...from Pitt Dean William Carter, who had the unhappy task of dealing with a big drop in Pitt's overall rank in U.S. News. As with all such movements, it has nothing to do with the real world, and everything to do with artifacts of the ranking method. I commend Dean Carter's approach to the matter as a sensible one. (As you will see if you watch Dean Carter's analysis, there have been some minor and largely cosmetic changes in the U.S. News methodology since I wrote the "Guide for the Perplexed" ten years ago.)
The full list is here; the authors of the 11 articles are: (1) John Armour (Oxford), Bernard Black (Northwestern), and Brian Cheffins (Cambridge); (2) Oren Bar-Gill & Ryan Bubb (both NYU); (3) Robert Bartlett (Berkeley); (4) Michal Barzuza (Virginia); (5) William Bratton & Michael Wachter (both Penn); (6) Matthew Cain (Notre Dame, Business) & Steven Davidoff (Ohio State); (7) Cheffins (Cambridge), Armour (Oxford), & Black (Northwestern) again, for a different piece; (8) Jill Fisch (Penn); (9) Edward Rock (Penn); (10) Richard Squire (Forhdam); and (11) Randall Thomas (Vanderbilt) & Robert Thompson (Georgetown).
Although unlike the recent National Jurist fiasco, this one is not nuts and contains some useful information. More detail about response rates from the student and alumni surveys would be welcome. And the weighting of the different factors is, of course, inexplicable. It is, I think, useful for prospective students to see that some more regional schools in fact have very good employment outcomes.
MOVING TO FRONT FROM SEPTEMBER 13, 2012--AS HIRING SEASON NEARS ITS END, AND PRAWFS COMPILES HIRING DATA, THIS INFO IS TIMELY AGAIN (candidates who accepted offers, please submit your info at the Prawfs site--I knnow the information there is not complete as it presently stands)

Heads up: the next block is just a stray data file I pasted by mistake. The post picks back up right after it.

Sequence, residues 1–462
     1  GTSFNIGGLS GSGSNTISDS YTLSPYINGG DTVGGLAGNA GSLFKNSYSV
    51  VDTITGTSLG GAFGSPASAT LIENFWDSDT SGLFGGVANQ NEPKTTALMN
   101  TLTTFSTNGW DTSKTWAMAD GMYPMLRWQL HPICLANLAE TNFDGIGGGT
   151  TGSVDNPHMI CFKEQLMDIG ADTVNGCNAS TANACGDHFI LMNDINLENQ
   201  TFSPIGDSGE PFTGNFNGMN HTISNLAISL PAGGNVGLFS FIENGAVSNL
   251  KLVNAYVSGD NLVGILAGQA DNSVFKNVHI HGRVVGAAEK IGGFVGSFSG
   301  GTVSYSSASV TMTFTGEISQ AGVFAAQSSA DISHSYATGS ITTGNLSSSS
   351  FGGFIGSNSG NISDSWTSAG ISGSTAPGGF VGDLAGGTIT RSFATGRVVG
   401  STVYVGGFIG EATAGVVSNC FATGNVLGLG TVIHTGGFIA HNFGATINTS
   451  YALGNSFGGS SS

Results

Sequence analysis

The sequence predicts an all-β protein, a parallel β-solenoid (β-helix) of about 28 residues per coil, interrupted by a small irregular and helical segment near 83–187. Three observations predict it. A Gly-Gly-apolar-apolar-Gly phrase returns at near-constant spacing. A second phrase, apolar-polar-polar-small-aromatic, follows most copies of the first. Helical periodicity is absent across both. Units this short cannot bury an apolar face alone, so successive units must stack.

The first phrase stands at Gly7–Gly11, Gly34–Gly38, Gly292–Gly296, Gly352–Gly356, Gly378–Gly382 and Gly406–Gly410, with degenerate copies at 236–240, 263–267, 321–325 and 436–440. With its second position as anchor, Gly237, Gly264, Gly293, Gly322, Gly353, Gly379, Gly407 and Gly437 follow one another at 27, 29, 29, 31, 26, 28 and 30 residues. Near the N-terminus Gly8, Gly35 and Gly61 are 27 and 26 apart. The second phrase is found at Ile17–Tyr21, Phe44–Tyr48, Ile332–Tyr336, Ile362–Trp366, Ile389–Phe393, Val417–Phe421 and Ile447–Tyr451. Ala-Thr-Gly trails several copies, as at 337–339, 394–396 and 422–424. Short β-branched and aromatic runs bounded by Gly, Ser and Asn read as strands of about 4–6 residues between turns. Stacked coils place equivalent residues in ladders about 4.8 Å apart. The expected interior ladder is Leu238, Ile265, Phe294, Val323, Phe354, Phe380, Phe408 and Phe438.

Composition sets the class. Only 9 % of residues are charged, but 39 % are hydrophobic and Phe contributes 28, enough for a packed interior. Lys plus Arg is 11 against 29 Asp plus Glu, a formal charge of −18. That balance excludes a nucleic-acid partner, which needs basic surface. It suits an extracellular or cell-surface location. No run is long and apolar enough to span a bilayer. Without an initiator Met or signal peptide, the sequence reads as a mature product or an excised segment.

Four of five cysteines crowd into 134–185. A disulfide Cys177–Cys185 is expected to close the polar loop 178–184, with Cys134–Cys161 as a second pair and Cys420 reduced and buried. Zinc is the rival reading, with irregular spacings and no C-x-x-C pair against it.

1. Harvard (57 candidates; average class size circa 550) (#2, #2)
2. Yale (37 candidates; average class size circa 200) (#1, #1)
3. NYU (31 candidates; average class size circa 450) (#9, #9)
4. UC Berkeley (20 candidates; average class size circa 250) (#7, #5)
5. Columbia (18 candidates; average class size circa 400) (#5, #6)
5. Georgetown (18 candidates; average class size circa 600) (#14, #14)
7. Cornell (14 candidates; average class size circa 200) (#10, outside top 15)
7. Northwestern (14 candidates; average class size circa 250) (#10, #11)
9. Duke (13 candidates; average class size circa 250) (#10, #9)
9. Michigan (13 candidates; average class size circa 350) (#5, #6)
9. Stanford (13 candidates; average class size circa 200) (#4, #3)
12. Chicago (12 candidates; average class size circa 200) (#3, #4)
13. Texas (11 candidates; average class size circa 425) (#14, outside top 15)
Among the elite law schools, others had smaller number of alumni in the first FAR this year: for example, there were eight from UCLA, seven from Virginia, four from Southern California, and three each from Penn and Vanderbilt. Other major law schools with comparable numbers include George Washington (7) and Wisconsin (5).
ADDENDUM: It is striking how weak the correlation is between the total numbers on the teaching market compared to past success in placement.
Interesting list here, though as we noted before, school-funded jobs are often the crucial route into public sector positions for many graduates, and schools with big investments in getting graduates into public interest will necessarily have a good number of these. On the other hand, it is certainly true that in many other cases, school-funded jobs are make-work position meant to boost employment statistics, not help launch careers.